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About Biodiversity

photo credits: Domi-UNEP-Alpha Presse photo credits: Z.Yi-UNEP-Alpha Presse photo credits: flickr.com/photos/brewbooks

  • Value
  • Loss
  • Action

Value of Biodiversity and Ecosystem Services


Biological diversity - or biodiversity - is the term given to the variety of life on Earth and the natural patterns it forms. The biodiversity we see today is the fruit of billions of years of evolution, shaped by natural processes and, increasingly, by the influence of humans. It forms the web of life of which we are an integral part and upon which we so fully depend.

This diversity is often understood in terms of the wide variety of plants, animals and microorganisms. So far, about 1.75 million species have been identified, mostly small creatures such as insects. Scientists reckon that there are actually about 13 million species, though estimates range from three to 100 million.

Biodiversity also includes genetic differences within each species - for example, between varieties of crops and breeds of livestock. Chromosomes, genes, and DNA-the building blocks of life-determine the uniqueness of each individual and each species.

It is the combination of life forms and their interactions with each other and with the rest of the environment that has made Earth a uniquely habitable place for humans. Biodiversity provides a large number of goods and services that sustain our lives.

Protecting biodiversity is in our self-interest. Biological resources are the pillars upon which we build civilizations. Nature's products support such diverse industries as agriculture, cosmetics, pharmaceuticals, pulp and paper, horticulture, construction and waste treatment. The loss of biodiversity threatens our food supplies, opportunities for recreation and tourism, and sources of wood, medicines and energy. It also interferes with essential ecological functions.

Our need for pieces of nature we once ignored is often important and unpredictable. Time after time we have rushed back to nature's cupboard for cures to illnesses or for infusions of tough genes from wild plants to save our crops from pest outbreaks. What's more, the vast array of interactions among the various components of biodiversity makes the planet habitable for all species, including humans. Our personal health, and the health of our economy and human society, depends on the continuous supply of various ecological services that would be extremely costly or impossible to replace. These natural services are so varied as to be almost infinite. For example, it would be impractical to replace, to any large extent, services such as pest control performed by various creatures feeding on one another, or pollination performed by insects and birds going about their everyday business.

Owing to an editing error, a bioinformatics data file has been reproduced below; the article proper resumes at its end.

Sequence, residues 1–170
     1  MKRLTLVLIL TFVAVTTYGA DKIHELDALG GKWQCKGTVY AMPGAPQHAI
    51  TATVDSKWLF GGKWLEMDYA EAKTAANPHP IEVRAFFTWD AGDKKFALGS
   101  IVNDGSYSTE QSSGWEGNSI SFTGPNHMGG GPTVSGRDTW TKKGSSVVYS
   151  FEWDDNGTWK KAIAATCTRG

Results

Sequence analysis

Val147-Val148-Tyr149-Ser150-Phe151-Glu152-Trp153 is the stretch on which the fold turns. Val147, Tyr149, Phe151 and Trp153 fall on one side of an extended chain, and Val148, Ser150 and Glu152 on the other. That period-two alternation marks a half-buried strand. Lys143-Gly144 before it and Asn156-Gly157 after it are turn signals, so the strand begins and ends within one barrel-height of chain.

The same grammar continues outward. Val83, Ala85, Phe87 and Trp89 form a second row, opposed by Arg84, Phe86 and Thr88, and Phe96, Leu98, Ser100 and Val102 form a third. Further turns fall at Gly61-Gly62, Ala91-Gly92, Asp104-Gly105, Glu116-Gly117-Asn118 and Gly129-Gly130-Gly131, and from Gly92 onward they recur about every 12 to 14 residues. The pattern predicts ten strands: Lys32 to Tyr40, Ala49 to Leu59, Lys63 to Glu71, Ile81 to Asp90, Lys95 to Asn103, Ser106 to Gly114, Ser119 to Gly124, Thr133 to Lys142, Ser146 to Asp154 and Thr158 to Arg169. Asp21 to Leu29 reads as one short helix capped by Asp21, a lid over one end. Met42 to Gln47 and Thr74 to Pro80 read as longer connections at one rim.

"Goods and Services" provided by ecosystems include:
  • Provision of food, fuel and fibre
  • Provision of shelter and building materials
  • Purification of air and water
  • Detoxification and decomposition of wastes
  • Stabilization and moderation of the Earth's climate
  • Moderation of floods, droughts, temperature extremes and the forces of wind
  • Generation and renewal of soil fertility, including nutrient cycling
  • Pollination of plants, including many crops
  • Control of pests and diseases
  • Maintenance of genetic resources as key inputs to crop varieties and livestock breeds, medicines, and other products
  • Cultural and aesthetic benefits
  • Ability to adapt to change

Why we are losing biodiversity